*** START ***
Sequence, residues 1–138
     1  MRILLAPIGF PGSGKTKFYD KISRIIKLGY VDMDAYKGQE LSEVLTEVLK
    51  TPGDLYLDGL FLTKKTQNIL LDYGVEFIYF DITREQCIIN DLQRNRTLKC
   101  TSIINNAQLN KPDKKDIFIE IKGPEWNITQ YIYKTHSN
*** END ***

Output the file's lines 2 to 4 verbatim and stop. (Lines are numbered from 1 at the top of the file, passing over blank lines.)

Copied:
     1  MRILLAPIGF PGSGKTKFYD KISRIIKLGY VDMDAYKGQE LSEVLTEVLK
    51  TPGDLYLDGL FLTKKTQNIL LDYGVEFIYF DITREQCIIN DLQRNRTLKC
   101  TSIINNAQLN KPDKKDIFIE IKGPEWNITQ YIYKTHSN